It is not an overstatement that America today is at the brink of a second Civil War. Though Covid-19 cases are skyrocketing, bullets, not toilet paper are now in short supply. As of this writing, Trump is clearly in the act of play-couping: attempting to cast doubt on the veracity of the elections and refusing to either concede nor enable Biden to begin the transition process. Given that today, three of the lawyers who successfully argued for the Republicans that Florida shouldn’t count any more votes back in 2000 are now sitting as Supreme Court Justices, it’s not inevitable that Biden will prevail this time either.
While the world worries about worst-case scenarios, most readers of this blog, no doubt, are hoping to see a President Biden take office, particularly given his strong climate stance. In his first victory speech after the election, Biden referring to addressing the crisis as one of his top priorities, said Americans must marshal the ‘forces of science’ in the ‘battle to save our planet’. He continued vowing to eliminate carbon emissions from the electric sector by 2035 and spend $2tn on investments ranging from weatherizing homes to developing a nationwide network of charging stations for electric vehicles.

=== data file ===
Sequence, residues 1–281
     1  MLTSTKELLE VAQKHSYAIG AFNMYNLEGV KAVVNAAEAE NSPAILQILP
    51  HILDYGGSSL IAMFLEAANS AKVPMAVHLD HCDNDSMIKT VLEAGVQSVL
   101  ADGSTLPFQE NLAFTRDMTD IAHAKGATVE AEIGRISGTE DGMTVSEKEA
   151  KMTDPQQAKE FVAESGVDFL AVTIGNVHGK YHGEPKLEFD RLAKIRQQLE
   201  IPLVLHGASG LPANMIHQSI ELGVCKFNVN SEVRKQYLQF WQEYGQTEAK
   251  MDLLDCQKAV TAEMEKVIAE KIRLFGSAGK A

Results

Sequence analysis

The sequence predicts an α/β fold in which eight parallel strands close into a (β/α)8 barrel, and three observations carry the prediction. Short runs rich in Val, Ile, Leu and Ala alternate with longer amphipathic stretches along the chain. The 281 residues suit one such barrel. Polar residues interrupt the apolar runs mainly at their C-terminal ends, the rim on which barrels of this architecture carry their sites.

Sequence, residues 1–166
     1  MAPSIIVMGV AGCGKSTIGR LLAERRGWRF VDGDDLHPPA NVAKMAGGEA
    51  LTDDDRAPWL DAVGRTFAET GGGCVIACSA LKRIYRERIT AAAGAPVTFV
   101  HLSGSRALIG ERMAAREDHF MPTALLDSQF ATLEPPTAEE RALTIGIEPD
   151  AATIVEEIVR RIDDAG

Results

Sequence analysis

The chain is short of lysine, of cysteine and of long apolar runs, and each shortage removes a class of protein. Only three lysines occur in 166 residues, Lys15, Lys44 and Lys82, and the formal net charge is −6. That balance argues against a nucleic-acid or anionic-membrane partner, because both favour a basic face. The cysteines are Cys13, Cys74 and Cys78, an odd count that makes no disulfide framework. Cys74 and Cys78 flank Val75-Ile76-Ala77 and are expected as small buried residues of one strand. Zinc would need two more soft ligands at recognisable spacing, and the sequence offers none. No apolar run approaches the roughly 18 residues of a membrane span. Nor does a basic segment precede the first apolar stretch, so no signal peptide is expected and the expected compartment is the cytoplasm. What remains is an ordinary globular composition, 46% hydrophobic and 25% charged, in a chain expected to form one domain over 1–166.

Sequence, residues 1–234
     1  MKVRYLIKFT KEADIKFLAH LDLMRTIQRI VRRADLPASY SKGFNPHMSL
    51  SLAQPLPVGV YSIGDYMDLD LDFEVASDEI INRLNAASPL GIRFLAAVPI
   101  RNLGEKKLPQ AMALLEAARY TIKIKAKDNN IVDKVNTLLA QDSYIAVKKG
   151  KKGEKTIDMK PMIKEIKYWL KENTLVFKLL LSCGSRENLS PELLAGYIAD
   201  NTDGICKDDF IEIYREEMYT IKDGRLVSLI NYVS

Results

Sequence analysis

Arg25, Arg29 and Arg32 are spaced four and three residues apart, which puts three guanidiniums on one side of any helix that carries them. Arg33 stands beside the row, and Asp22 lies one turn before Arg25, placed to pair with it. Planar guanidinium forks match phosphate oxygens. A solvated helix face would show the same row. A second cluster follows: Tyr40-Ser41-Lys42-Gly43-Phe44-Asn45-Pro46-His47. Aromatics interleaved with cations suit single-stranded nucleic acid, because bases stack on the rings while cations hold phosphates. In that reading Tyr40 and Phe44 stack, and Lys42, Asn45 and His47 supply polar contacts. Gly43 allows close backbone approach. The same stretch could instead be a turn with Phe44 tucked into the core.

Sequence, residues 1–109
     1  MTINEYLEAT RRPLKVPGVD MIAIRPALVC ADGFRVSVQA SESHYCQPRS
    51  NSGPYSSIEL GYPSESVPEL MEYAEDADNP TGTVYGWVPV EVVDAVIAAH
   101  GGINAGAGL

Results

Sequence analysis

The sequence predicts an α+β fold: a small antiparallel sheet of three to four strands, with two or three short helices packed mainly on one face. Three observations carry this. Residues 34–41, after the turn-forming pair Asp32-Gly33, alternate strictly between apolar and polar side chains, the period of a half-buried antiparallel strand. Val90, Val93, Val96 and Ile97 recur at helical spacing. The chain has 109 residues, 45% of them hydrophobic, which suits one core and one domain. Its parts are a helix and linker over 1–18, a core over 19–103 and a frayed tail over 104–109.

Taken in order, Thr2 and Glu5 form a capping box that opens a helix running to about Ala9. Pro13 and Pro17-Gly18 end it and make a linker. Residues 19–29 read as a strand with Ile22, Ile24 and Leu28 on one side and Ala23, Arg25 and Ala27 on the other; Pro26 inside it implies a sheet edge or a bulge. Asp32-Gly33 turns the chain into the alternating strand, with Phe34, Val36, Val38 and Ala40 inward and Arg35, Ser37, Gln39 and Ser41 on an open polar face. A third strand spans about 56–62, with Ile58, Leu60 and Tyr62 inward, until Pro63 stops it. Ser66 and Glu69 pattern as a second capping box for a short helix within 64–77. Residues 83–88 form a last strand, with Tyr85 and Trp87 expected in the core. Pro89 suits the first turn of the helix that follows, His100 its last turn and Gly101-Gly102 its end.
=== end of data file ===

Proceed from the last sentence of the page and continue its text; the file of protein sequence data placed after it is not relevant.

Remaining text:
But politically, Biden’s massive investment plan stands a chance only if the Democrats win both Senate runoff races in Georgia in January. And if then, only barely.